Base metals had a strong finish in 2017, a year when the copper and zinc prices increased by over 30%, the highest in over 3 years for copper and in 10 years for zinc. Nickel also outperformed, rising by 28%. The performance in 2017 was underpinned by supply disruptions for copper, lack of production growth for zinc, and declining global inventories, within the context of a positive outlook for Chinese, and global growth.
- Strong copper demand in 2018. It is estimated that China’s copper demand (which accounts for around 50% of global copper demand of 23.5Mt) could grow by up to 3% in 2018, from around 2% in 2017. Codelco, Chile’s state-owned copper miner, sees a sustained increase in copper deficits, supported by growing copper deficits. As a result, the company says the copper price may test records above $10,000/t ($4.50/lb) in 2018.
- Potential for supply tightness. Over 30 labour contracts, covering 5Mt of mine supply of copper are due to expire in 2018, mostly in Chile and Peru. Notably, the Escondida contract expires in June. In China, scrap import restrictions and closures related to winter pollution will contribute to tightness in the copper market.
- Zinc continues to have the best fundamentals among the base metals. Global zinc stocks were down 59% in 2017, ending the year at 8.2 days of consumption. Chinese zinc imports increased by 43% in the first 11 months of 2017, and continue to be strong.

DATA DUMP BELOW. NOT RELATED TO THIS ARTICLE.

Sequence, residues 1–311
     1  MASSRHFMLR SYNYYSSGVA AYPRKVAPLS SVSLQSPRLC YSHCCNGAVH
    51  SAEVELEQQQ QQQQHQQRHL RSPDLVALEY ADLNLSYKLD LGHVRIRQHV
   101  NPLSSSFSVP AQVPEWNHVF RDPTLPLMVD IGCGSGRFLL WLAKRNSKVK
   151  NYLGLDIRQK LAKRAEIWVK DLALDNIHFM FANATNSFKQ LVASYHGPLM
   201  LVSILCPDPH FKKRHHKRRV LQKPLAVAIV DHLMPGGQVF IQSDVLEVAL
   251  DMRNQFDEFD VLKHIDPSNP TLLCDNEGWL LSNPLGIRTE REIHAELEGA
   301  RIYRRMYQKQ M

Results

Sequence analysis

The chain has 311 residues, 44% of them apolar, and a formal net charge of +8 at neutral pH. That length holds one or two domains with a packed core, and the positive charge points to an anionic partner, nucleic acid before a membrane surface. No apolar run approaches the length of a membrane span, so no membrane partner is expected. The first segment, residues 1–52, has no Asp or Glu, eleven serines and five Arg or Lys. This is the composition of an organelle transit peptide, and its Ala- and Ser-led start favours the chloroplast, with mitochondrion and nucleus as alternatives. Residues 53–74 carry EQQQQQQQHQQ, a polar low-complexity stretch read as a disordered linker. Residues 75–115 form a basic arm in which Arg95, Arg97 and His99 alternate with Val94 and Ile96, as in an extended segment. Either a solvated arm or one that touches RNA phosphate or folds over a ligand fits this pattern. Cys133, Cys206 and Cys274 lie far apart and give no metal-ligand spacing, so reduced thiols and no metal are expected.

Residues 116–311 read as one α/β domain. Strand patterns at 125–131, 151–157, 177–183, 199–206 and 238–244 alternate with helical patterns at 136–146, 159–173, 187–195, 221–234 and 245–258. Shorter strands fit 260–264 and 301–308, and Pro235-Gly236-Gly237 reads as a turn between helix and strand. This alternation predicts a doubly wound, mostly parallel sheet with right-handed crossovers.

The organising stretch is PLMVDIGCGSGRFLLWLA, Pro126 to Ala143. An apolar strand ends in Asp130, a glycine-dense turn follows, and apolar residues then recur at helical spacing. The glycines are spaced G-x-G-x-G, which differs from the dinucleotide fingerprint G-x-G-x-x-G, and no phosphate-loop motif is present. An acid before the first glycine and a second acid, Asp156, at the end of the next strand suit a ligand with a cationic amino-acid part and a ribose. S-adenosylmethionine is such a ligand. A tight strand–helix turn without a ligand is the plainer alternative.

- Outlook is positive. We expect strong global manufacturing output, supported by resilient European and U.S. PMIs, as well as sustained metals demand from China to provide further impetus for a metals rally in 2018Weekly Performance.
Precious metals had a strong start to the year, with the price if gold rising above the $1,300 on December 29th amid a falling U.S. dollar and the prospects of another interest rate hike less following worse-than-expected payroll data this morning. This follows a positive 2010 for precious metals with gold (up 11%) and silver (up 4%) finishing at $1,3XX and $17.XX per ounce respectively. Palladium soars. Platinum prices rose almost 50% on the back of robust demand for catalytic converters and limited supply. Palladium prices tested the $1,100 per ounce level on Thursday, with some commentators speculating it could overtake gold, before settling at $1,090 (up X%) on Friday. In contrast, platinum prices finished the year where they began at $907 per ounce